In 2021, the Government of Montenegro approved amendments to the government representation on the OT, in anticipation of the co-creation of the third action plan, due to be submitted in 2022. The ministry aims to continue improving the application of the Law on Free Access to Information and open data (Commitment 3) and updating the e-participation portal (Commitment 2).[4] In addition, one civil society stakeholder wishes for the comparative study on whistleblower protection to be part of the third action plan, with the aim of eventually adopting the 2019 EU Directive on whistleblower protection.[5] Stakeholders aim to carry over some of these commitments into the third action plan due to their limited completion during the second action plan and their close connection to Montenegro’s EU integration requirements.

COVID-19 Pandemic impact on implementation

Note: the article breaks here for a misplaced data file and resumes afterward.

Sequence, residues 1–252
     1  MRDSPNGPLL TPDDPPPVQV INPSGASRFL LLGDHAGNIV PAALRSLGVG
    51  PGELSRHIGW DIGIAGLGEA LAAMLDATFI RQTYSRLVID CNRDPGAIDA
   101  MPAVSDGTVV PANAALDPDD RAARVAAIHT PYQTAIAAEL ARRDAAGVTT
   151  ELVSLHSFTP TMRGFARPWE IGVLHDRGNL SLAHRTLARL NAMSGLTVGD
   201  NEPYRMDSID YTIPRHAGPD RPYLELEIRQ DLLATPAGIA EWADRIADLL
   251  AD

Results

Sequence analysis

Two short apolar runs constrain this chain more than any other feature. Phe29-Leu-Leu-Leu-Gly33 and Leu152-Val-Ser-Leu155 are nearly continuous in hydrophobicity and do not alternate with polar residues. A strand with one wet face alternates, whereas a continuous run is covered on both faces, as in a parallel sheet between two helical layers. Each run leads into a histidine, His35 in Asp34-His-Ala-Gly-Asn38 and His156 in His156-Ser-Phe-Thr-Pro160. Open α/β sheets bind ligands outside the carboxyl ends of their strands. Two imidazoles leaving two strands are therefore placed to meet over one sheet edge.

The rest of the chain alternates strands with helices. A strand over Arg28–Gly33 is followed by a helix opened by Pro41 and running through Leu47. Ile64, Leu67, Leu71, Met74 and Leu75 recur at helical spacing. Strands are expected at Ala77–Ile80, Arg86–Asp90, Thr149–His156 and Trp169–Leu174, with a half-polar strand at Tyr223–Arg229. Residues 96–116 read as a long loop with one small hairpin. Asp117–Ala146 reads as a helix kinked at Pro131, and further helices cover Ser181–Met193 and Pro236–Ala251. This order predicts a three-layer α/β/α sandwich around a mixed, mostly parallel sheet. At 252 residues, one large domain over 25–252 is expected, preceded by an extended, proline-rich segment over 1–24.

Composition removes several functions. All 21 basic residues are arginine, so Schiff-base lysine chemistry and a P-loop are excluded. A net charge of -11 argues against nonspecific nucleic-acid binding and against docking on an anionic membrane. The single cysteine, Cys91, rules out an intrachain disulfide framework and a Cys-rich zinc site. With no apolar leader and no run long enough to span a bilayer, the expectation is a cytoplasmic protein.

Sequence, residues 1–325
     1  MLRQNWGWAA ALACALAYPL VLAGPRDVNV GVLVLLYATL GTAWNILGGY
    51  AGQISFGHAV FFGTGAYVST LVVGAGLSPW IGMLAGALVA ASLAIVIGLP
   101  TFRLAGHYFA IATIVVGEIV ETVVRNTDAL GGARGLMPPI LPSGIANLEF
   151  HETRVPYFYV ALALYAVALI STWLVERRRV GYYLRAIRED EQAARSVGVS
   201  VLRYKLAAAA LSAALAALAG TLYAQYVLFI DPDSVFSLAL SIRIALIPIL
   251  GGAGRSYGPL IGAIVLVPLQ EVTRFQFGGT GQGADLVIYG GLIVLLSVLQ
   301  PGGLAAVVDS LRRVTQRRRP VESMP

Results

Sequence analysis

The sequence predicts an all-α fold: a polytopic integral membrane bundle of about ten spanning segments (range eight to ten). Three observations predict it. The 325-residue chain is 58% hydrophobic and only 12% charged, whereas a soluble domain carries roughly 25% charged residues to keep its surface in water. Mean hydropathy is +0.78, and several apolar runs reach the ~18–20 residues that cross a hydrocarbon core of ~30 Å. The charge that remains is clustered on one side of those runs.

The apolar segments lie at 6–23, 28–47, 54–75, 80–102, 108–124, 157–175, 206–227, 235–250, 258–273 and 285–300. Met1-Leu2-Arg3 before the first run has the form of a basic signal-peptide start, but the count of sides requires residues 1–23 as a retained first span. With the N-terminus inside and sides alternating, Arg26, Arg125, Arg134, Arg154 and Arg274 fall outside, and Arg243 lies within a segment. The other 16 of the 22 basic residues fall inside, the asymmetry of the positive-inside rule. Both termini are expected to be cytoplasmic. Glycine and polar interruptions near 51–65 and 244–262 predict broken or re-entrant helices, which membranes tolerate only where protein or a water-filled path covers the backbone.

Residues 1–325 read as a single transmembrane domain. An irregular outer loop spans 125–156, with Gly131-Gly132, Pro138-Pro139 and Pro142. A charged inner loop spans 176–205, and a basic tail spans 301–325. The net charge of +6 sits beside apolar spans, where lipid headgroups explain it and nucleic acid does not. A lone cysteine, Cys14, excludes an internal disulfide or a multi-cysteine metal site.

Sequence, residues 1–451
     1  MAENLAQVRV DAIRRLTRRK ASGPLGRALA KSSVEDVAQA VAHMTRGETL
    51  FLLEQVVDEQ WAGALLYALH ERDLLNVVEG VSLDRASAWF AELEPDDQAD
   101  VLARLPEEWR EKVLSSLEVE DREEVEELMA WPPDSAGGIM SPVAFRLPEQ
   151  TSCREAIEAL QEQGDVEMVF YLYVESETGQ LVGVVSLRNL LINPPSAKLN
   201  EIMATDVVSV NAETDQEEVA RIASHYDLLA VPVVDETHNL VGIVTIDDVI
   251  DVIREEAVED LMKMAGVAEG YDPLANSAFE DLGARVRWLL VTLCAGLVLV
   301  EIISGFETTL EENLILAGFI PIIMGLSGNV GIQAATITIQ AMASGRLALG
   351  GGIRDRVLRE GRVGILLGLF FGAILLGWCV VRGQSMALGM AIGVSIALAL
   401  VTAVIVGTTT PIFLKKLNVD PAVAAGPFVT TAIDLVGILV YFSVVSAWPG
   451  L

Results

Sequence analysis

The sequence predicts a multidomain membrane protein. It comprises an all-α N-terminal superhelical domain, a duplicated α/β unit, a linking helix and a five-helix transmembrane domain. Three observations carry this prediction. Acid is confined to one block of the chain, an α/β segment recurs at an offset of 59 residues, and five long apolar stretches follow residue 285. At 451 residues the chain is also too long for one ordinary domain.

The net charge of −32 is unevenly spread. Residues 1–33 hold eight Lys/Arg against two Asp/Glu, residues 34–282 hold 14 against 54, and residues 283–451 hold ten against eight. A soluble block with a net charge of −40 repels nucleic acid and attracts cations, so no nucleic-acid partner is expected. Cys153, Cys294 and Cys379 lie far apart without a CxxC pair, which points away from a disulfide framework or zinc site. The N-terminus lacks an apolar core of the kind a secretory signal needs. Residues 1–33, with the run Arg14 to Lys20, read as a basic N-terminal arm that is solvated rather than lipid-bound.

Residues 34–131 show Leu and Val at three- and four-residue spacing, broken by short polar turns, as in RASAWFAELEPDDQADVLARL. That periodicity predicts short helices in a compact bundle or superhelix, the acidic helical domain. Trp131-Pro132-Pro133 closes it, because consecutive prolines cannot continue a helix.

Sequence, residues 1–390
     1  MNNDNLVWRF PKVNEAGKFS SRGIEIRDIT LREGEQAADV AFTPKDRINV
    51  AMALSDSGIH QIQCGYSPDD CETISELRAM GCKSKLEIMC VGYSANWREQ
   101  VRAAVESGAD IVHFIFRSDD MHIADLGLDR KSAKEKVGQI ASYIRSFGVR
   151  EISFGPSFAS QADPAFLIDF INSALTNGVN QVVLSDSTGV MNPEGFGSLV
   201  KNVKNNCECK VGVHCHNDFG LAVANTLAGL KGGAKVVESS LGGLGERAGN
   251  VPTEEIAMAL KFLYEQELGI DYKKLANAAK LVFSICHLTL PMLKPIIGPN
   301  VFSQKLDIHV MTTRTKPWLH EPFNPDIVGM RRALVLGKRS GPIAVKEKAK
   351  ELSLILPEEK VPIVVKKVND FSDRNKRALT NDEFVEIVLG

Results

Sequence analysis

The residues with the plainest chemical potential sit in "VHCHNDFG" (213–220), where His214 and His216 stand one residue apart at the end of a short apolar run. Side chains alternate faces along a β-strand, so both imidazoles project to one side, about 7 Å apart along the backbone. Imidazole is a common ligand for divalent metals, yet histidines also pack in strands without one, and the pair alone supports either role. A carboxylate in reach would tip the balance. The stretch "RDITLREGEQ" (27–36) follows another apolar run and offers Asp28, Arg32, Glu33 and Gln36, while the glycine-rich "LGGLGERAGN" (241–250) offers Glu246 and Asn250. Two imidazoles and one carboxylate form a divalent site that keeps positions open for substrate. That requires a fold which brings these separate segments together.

During the COVID-19 pandemic, the Montenegrin government requested an extension of the action plan by one year to August 2021 (originally scheduled to end in August 2020). Many activities involved publishing information online, developing online participation tools, or digitizing public services and were thus not directly affected by the pandemic. Although there was little communication around the status of the action plan, this was largely due to the high turnover in the public administration following the August 2020 elections, and not the pandemic. Nonetheless, as with other countries, the pandemic shifted the government’s priorities to urgent health matters, which likely impacted the implementation of the action plan and the OGP process in general.